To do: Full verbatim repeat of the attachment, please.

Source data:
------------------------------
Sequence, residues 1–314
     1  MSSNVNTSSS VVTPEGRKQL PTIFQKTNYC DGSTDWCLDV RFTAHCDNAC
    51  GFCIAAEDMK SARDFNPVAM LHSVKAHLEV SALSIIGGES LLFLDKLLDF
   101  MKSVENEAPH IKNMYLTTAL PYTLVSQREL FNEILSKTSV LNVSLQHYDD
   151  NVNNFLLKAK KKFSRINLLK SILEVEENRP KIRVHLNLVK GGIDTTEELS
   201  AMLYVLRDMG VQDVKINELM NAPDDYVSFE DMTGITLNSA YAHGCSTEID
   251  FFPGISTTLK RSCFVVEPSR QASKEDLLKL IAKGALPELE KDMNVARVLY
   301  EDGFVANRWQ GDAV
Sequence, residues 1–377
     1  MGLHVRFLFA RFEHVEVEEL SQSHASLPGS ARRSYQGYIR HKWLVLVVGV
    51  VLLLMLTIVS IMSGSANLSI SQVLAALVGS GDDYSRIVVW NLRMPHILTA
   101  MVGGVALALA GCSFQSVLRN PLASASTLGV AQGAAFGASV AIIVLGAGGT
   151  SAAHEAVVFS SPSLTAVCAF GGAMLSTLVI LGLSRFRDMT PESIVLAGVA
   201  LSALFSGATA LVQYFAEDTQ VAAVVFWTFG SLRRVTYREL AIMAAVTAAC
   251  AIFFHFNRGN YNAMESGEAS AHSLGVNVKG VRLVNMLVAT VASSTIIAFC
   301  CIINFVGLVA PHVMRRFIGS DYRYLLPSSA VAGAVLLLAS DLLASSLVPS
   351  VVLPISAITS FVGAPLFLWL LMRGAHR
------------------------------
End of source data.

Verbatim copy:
Sequence, residues 1–314
     1  MSSNVNTSSS VVTPEGRKQL PTIFQKTNYC DGSTDWCLDV RFTAHCDNAC
    51  GFCIAAEDMK SARDFNPVAM LHSVKAHLEV SALSIIGGES LLFLDKLLDF
   101  MKSVENEAPH IKNMYLTTAL PYTLVSQREL FNEILSKTSV LNVSLQHYDD
   151  NVNNFLLKAK KKFSRINLLK SILEVEENRP KIRVHLNLVK GGIDTTEELS
   201  AMLYVLRDMG VQDVKINELM NAPDDYVSFE DMTGITLNSA YAHGCSTEID
   251  FFPGISTTLK RSCFVVEPSR QASKEDLLKL IAKGALPELE KDMNVARVLY
   301  EDGFVANRWQ GDAV
Sequence, residues 1–377
     1  MGLHVRFLFA RFEHVEVEEL SQSHASLPGS ARRSYQGYIR HKWLVLVVGV
    51  VLLLMLTIVS IMSGSANLSI SQVLAALVGS GDDYSRIVVW NLRMPHILTA
   101  MVGGVALALA GCSFQSVLRN PLASASTLGV AQGAAFGASV AIIVLGAGGT
   151  SAAHEAVVFS SPSLTAVCAF GGAMLSTLVI LGLSRFRDMT PESIVLAGVA
   201  LSALFSGATA LVQYFAEDTQ VAAVVFWTFG SLRRVTYREL AIMAAVTAAC
   251  AIFFHFNRGN YNAMESGEAS AHSLGVNVKG VRLVNMLVAT VASSTIIAFC
   301  CIINFVGLVA PHVMRRFIGS DYRYLLPSSA VAGAVLLLAS DLLASSLVPS
   351  VVLPISAITS FVGAPLFLWL LMRGAHR